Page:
Is Your Floor Cleaning Machine Undercharged?
Ninety percent of the problems maintenance crews have with their battery powered floor cleaning machines, is that they run out of power before they have time to finish the job. This is due to improper charging, where the batteries are not given enough time to reach full capacity and are starting the work day in an undercharged condition. If this is a constant problem, it can eventually lead to batteries that go bad before they need to, and this can be a costly addition to battery replacement costs.
There’s an easy way to find out the battery’s state-of-charge (SOC) with a simple hydrometer. First, make sure your floor cleaning machine is equipped with the correct deep-cycle batteries for that application. Using the hydrometer requires gloves, safety glasses and should be done in a well-ventilated area. Measuring the SOC of each battery cell and comparing hydrometer specific gravity readings to the specifications found on the battery manufacturer’s website, you’ll be able to determine if the battery is charged or undercharged. If it’s undercharged it’s imperative to give the batteries additional charging times. If the cleaning machines are always in use, try to find times to give them additional charge time during lunch breaks, or when workers may not be using the machines. This will ultimately extend battery life and increase the run times of the machines and add to productivity.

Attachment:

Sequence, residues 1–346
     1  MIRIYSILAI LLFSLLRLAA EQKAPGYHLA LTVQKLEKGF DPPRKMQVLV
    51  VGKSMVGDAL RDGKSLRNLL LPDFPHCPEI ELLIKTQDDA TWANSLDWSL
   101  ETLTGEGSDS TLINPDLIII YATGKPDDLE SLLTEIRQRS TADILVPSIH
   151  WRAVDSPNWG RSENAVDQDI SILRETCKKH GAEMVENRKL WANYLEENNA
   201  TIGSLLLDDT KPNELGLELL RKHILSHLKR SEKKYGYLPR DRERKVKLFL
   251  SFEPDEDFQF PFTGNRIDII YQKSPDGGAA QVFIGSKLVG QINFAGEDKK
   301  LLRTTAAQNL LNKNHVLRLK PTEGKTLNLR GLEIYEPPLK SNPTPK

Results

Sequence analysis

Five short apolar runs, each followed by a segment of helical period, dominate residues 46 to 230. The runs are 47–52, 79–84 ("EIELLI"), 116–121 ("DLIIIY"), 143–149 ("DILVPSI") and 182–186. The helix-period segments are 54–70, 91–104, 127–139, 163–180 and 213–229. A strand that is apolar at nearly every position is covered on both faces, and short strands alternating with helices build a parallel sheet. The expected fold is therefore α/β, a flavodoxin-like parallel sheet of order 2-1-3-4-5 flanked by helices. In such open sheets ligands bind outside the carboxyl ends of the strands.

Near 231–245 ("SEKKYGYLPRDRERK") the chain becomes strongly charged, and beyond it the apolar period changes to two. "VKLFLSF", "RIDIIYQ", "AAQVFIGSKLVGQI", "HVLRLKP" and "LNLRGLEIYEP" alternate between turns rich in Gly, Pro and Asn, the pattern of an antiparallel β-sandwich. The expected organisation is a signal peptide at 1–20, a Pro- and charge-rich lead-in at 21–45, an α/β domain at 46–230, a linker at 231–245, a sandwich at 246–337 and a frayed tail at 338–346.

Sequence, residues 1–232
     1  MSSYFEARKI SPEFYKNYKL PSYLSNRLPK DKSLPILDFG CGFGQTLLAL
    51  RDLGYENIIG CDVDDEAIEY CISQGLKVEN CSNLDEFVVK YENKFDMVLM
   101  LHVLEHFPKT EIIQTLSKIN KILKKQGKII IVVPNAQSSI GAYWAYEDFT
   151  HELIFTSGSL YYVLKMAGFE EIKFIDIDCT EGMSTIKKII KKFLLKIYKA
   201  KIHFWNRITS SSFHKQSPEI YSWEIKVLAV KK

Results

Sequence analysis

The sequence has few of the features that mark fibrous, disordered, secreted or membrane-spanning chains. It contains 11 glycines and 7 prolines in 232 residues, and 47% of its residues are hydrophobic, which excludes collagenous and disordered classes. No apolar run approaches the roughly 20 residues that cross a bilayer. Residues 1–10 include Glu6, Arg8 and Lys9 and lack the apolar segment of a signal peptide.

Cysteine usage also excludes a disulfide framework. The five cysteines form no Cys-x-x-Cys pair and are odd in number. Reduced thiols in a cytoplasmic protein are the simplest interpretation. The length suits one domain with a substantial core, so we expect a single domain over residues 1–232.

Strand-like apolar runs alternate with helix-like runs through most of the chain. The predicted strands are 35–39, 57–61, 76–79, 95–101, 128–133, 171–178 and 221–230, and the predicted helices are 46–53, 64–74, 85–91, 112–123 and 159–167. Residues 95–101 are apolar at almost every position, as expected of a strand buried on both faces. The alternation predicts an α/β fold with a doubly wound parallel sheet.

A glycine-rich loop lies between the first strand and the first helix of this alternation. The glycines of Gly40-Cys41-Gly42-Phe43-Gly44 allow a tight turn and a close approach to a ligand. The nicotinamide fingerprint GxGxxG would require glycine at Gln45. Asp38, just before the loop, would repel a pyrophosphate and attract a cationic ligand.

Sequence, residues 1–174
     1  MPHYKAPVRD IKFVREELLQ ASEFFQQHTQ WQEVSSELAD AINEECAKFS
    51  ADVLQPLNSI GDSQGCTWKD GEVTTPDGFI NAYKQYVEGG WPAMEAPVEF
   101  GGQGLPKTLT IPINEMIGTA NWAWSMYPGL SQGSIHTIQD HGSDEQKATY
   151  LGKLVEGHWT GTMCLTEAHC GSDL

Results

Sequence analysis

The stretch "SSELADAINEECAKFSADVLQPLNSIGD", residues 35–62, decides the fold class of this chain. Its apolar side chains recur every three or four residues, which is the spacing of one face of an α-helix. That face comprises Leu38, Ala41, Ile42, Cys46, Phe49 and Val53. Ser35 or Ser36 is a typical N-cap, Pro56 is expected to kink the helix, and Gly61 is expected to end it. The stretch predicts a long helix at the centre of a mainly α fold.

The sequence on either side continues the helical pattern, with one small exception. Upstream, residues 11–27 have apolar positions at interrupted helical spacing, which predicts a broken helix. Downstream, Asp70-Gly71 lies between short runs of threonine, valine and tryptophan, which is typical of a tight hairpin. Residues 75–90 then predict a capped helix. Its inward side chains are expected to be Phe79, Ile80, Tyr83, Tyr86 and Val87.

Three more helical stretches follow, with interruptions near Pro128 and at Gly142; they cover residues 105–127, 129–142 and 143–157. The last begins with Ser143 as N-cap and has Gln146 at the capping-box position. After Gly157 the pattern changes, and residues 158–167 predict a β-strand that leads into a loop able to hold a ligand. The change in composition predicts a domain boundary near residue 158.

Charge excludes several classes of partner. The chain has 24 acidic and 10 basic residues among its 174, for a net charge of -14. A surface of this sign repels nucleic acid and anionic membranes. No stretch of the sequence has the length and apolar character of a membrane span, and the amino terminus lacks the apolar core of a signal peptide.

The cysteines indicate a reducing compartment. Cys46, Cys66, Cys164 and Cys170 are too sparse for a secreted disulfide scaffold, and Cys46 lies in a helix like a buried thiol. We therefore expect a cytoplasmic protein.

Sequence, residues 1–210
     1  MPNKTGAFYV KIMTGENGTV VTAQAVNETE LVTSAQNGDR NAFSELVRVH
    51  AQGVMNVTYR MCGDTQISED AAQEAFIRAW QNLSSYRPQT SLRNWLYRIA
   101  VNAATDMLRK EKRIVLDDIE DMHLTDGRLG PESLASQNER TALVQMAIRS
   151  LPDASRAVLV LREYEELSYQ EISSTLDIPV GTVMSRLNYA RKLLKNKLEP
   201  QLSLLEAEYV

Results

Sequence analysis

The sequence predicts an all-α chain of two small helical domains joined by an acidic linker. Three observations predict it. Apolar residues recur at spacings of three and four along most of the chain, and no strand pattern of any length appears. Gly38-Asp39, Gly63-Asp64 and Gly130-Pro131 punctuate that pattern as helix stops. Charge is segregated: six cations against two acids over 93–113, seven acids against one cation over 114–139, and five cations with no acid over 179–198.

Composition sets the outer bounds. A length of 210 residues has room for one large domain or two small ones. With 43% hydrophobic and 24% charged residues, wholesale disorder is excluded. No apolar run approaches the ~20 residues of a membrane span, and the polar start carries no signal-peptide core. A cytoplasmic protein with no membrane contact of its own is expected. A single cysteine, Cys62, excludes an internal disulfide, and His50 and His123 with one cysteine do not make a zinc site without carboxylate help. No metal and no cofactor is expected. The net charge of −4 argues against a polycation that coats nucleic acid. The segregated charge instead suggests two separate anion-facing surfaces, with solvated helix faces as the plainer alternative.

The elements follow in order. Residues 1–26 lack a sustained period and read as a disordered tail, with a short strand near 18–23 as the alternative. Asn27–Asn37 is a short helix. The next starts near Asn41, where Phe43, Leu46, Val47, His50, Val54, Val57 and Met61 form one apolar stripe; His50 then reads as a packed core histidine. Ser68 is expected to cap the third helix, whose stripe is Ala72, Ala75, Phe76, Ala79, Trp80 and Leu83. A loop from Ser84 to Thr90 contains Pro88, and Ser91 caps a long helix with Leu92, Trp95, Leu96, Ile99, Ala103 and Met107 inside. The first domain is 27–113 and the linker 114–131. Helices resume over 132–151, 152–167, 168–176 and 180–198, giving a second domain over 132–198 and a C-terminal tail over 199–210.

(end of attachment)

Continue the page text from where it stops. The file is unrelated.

If, however, the batteries are charged for a long period of time and never seem to become fully charged, it can be an indication of other problems in the battery, or with your charger’s algorithms. Check with the battery manufacturer is these problems persist. For more information and tips to improve battery maintenance visit www.usbattery.com.
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